More information on the work of the Nature Conservancy on coastal resilience issues for New York and Connecticut can be found on line at

Listen here

November 8, 2012

Today we talk with two people who have devoted their lives to looking at the survival of the the ocean around us and the fish that help to sustain our east end economy. 

Our guests are Susan Rockefeller, film maker and member of the board of the international organization Oceana devoted to ocean conservation and Carl Safina of the Blue Ocean Institute.  

We talked with Susan this fall as her film Mission of Mermaids: A love letter to the ocean, debuted at the Hamptons International Film Festival in East Hampton.

We talked with marine ecologist and director of the Blue Ocean Institute, Carl Safina about his book The View from Lazy Point: A natural year in an unnatural world.  Lazy Point is a low lying area in Amagansett New York that was flooded in November 2012 by Hurricane Sandy. 
More information about Susan Rockefeller’s film Mission of Mermaids can be found on line at

Information about the work of the international ocean conservation organization Oceana is at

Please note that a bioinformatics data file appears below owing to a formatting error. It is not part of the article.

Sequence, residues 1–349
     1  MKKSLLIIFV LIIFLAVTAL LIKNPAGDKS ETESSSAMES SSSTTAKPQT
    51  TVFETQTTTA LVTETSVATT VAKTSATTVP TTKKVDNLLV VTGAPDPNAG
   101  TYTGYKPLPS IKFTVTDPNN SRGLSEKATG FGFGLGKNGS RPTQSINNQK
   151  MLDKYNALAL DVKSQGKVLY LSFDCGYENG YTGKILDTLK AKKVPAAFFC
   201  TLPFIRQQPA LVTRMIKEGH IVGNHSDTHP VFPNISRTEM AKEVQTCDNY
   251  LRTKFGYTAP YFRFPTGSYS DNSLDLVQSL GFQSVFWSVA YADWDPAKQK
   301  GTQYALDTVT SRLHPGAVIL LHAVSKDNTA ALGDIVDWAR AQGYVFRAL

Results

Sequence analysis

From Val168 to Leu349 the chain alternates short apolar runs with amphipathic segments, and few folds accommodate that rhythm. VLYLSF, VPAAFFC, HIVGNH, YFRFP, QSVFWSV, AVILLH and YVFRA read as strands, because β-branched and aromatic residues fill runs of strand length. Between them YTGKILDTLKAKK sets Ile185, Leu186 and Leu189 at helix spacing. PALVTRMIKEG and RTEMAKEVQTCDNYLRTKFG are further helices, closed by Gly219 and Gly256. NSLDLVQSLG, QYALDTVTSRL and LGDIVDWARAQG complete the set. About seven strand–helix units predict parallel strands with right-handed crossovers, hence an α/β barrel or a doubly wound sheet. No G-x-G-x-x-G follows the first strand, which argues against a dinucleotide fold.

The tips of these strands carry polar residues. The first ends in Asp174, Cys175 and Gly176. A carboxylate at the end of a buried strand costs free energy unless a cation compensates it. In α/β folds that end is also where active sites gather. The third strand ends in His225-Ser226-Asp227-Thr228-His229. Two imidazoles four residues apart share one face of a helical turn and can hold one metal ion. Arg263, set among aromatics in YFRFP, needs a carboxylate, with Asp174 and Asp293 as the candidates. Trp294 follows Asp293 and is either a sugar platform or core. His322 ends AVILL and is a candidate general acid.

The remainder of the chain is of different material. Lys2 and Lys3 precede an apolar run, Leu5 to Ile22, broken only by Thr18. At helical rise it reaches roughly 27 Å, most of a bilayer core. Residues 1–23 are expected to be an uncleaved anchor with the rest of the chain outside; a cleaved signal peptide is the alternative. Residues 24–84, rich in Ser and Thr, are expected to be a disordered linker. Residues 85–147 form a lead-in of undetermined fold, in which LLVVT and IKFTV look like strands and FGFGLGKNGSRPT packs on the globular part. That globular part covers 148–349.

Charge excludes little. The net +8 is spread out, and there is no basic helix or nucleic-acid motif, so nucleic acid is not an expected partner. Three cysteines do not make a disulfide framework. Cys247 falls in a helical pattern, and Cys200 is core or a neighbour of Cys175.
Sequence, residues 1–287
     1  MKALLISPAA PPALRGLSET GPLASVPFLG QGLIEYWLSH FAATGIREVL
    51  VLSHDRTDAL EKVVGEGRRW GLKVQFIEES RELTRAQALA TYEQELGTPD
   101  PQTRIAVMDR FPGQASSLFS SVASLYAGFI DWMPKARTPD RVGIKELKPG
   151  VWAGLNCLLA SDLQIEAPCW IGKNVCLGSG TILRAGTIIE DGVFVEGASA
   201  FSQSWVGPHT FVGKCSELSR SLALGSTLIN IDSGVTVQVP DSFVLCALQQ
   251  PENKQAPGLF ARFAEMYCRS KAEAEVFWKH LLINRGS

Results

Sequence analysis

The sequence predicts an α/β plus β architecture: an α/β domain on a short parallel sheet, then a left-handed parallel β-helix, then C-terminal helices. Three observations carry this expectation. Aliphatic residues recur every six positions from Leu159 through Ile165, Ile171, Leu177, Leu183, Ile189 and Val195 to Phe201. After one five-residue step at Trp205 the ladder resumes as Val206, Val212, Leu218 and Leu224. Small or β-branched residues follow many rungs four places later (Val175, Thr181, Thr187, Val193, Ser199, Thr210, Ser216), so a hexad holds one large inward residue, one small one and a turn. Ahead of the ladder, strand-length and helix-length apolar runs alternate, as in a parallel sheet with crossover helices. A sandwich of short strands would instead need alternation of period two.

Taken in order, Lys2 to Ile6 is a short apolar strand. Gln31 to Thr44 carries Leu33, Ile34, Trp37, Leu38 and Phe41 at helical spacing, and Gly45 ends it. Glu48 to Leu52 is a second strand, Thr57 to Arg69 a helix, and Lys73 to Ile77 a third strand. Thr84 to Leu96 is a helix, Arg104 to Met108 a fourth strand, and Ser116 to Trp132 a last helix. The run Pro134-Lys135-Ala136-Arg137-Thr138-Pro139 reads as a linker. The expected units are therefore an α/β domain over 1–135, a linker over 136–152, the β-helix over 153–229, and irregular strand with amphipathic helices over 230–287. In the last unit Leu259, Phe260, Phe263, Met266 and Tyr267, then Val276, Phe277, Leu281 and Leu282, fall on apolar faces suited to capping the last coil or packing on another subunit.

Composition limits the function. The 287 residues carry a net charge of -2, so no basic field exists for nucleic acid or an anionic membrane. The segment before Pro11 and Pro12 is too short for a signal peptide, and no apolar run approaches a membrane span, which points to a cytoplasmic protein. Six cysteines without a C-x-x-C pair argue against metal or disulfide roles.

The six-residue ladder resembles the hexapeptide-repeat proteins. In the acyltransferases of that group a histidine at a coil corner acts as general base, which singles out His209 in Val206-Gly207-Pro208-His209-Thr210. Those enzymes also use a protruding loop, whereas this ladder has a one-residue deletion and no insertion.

Information about Carl Safina’s work and the Blue Ocean Institute’s is at
Listen here

September 13, 2012 

Ruben Bess Valdez talks about the Shinnecock Shellfish Hatchery and pollution of the bays.

The people of the Shinnecock Indian Nation have been harvesting
shellfish from the waters of what is now Southampton for millennia.

Tony Ernst, Sustainable East End co-producer  talks with Ruben
Bess Valdez, of the Shinnecock Shellfish Hatchery about the
challanges to developing the oyster business in the face of increasing
pollution of the waters surrounding the reservation.
More information about the Shinnecock Nation and the shellfish hatchery is available at

More information about efforts to clean up the waters of the east end can be found at

Sustainable East End is produced by Gwynn Schroeder, Tony Ernst and the program host, Francesca Rheannon.


Shinnecock Shellfish Hatcheries